It may sound odd to speak of lions in the role of bridge supports, yet such a structure actually exists in St. Petersburg. We are speaking of the Lions’ Bridge that spans the Griboyedov Canal where it loops picturesquely in the vicinity of Theatre Square.
The powerful, handsome beasts are more than merely ornamental, for they contain within themselves systems of metal rods, or bars, to which the chains are anchored. The Lions’ Bridge is an interesting example of the integration of engineering and sculpture.
The Lions’ Bridge and the Bank Bridge were built in 1825-26 to the design of G. Traitteur, who had at an earlier time designed the suspension footbridge over the Moika, not far from the Main Post Office, after which it is named.
Its chains were supported by obelisks braced by quadrant-shaped metal rails, and embedded in the abutments. The sculptured figures of the Lions’ and Bank bridges were cast from the models by P. Sokolov, author of the well-known Girl with a Pitcher fountain in the park at Pushkin.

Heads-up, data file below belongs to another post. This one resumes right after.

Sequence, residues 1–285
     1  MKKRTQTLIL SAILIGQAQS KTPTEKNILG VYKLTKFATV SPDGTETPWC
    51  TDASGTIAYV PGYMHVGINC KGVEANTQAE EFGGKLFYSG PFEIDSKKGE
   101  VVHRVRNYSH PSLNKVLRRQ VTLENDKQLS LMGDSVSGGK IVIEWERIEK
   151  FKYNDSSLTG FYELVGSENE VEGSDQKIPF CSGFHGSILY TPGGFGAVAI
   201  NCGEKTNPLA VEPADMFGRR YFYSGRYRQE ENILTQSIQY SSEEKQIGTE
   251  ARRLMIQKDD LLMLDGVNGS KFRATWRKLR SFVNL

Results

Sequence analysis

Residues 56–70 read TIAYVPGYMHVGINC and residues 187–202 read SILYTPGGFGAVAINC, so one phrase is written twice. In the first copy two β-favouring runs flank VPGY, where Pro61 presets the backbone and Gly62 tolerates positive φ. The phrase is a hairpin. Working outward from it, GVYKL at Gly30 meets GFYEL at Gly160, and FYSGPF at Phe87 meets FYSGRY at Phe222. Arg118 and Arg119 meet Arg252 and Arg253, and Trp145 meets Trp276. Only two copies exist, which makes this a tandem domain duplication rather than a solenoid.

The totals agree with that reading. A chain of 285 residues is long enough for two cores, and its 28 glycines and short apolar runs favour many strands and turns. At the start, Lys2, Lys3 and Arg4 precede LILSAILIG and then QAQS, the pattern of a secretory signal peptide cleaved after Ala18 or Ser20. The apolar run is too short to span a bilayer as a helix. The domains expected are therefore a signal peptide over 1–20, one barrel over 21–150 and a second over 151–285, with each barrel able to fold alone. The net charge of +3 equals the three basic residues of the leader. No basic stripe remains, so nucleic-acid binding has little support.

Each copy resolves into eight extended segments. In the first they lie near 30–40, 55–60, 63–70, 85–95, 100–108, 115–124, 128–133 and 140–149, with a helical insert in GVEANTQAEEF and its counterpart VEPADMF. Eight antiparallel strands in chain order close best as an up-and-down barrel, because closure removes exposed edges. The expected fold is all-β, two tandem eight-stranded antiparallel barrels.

The Egyptian suspension bridge was built in 1826 by G. Traitteur and V. Christianovich. Today, the only original elements of this bridge are the four sphinxes. On January 20, 1905, a stfing of loaded wagons and a guards cavalry squadron happened to be crossing the bridge at the same time.
Strong vibration set in, and the bridge collapsed. There were no casualties among the men, fortunately, everyone managing to scramble ashore. The Egyptian Bridge was rebuilt in 1955-56. Its steel frame structure is in the shape of a gently sloping arch.
An on-line compilation of a photographic study of the bridges in Leningrad (the former name of Saint Petersburg), published by Aurora Art Publishers, Leningrad, 1975.
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